My daughter is in her early 40s, a senior manager in the public sector working long hours. She would have really liked to have met a partner and had a family. However, having been single for a number of years, she is now considering IVF treatment. She is aware that it doesn’t always result in pregnancy and of the challenges of bringing up a child alone.
At times she has taken medication for depression, which has been helpful, but has stopped to prepare for IVF on the advice of her GP, but she is very unsure of whether she is doing the right thing.
I am not sure if the effects of coming off the antidepressants are causing her to wonder if she should continue with the IVF. The pressure of her age together with whether she will cope on her own and be a good mother is adding to her anxiety.
These doubts suggest to her that this means she can’t want a child as much as she should.
While I would love to have a grandchild (she is my only child and has been estranged from her father for many years), I feel at a loss at how to help her to make the right decision. I will support her whichever choice she makes. I am concerned about her depression and coping alone with a baby; she does have a good network of friends who are very happy to support her.
The right thing for whom? I think this is the key question. Some decisions have no right or wrong answer and take a lot of working out. This is one such. I can’t offer you a short cut to a resolution. Only more things to think about.
There is something about IVF that seems to sometimes result in a more conscious decision about whether someone wants to have children. There is less of the laissez-faire about it because it’s so medicalised. Your daughter could go down the IVF route and, as you’ve said, it fails to result in a pregnancy, just as sex doesn’t always lead to one, either. But I wonder if the trying is important, or the result?
It’s something to think about: who wants this baby, and for whom? Your daughter might possibly be thinking you want her to have one. You’d be amazed how much even adult children want to please their parents. “If you and your daughter are very close,” said Barratt, “you might be worried about upsetting one another.”
Barratt also wanted you to think about what the costs would be of not making a decision. “What are the consequences of not going ahead with IVF – what would that be like? How would your daughter feel in five, 10 years’ time if she doesn’t?”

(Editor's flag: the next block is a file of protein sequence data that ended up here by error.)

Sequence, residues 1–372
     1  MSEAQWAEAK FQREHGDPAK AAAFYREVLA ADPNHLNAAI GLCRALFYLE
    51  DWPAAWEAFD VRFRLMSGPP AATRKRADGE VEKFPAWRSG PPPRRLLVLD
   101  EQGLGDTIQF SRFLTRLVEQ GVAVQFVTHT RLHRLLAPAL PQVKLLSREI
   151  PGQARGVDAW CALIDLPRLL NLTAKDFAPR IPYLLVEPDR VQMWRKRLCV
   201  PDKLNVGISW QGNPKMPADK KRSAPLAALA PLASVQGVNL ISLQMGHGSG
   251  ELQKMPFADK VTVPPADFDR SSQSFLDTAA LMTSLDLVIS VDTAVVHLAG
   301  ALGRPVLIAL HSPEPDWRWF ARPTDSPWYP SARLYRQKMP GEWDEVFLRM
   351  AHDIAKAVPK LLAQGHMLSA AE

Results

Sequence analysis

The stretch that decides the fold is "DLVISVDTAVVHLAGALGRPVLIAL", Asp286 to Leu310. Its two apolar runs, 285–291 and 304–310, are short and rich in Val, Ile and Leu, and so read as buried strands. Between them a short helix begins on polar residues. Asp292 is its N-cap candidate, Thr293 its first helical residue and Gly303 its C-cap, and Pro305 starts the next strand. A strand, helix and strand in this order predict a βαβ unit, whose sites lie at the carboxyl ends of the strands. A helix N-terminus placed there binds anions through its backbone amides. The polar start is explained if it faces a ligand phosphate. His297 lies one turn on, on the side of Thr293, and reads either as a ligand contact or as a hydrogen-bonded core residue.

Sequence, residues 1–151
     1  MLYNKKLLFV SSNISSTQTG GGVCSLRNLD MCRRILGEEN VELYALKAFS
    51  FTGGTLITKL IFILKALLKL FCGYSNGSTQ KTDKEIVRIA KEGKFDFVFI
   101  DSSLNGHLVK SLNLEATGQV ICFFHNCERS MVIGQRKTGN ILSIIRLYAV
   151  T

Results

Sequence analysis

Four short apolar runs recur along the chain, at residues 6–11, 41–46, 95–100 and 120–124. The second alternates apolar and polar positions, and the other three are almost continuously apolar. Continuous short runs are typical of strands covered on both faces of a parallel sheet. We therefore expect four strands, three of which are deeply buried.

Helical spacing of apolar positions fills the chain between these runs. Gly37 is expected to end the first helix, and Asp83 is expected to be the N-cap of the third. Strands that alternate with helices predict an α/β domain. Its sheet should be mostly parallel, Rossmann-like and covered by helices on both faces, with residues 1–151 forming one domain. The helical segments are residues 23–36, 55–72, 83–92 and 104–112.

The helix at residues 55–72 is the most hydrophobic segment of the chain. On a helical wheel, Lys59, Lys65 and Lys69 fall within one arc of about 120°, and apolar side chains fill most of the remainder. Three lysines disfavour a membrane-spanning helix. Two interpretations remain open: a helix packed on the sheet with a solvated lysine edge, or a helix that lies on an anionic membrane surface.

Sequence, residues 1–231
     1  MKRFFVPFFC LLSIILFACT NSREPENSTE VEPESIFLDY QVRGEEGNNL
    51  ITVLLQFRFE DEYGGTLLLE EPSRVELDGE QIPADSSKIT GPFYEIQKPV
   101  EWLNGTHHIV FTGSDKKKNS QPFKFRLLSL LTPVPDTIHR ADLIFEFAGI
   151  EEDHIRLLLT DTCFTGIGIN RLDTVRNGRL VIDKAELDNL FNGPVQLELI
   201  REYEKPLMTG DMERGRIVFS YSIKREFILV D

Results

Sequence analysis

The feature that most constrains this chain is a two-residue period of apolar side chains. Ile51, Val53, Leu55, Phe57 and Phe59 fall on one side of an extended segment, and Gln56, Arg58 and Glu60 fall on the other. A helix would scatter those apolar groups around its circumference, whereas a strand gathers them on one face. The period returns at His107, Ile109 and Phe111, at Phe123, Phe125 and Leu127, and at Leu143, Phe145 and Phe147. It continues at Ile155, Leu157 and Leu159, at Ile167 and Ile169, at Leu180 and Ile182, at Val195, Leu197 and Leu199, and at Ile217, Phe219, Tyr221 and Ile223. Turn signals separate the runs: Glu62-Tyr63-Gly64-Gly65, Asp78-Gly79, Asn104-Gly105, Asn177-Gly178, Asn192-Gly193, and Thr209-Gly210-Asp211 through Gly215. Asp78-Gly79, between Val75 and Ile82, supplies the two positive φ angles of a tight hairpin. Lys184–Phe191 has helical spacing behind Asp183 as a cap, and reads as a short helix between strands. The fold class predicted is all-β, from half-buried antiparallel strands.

Equally, your daughter needs to think about what happens if she does have a baby: what will happen with her job, who would help her look after the child, who would offer emotional and practical support if it were needed?
These are really questions for your daughter as the greater impact – whether she has a baby or not – would, of course, be on her.
Then Barratt wondered about your daughter’s depression. Obviously, she is under the care of the GP, but she wondered what had caused it? Was it ever dealt with through talking therapy rather than solely pharmaceutically, valid though that can be? This is really important because, depending on the cause of the depression, having a baby could have an impact on your daughter’s mental health; not necessarily negatively, but obviously that would be more of a worry.
I think even one session with a counsellor – see if she wants to go alone or with you – might help. It would be beneficial to talk about things in a different place, with another person who could bring in another viewpoint to stop you both going round in circles. Sometimes counselling is offered with IVF treatment. It’s something to consider.
Life has clearly not been easy for the two of you. With your daughter estranged from her father (what happened?) it’s been just the two of you for a long time. In the absence of a romantic partner, it sounds as if you have been providing a great deal of the emotional support for your daughter. I think a bit of honest, gentle talking, with a neutral third person, will pay dividends.
This article first appeared in The Guardian Family section on 31 October 2014.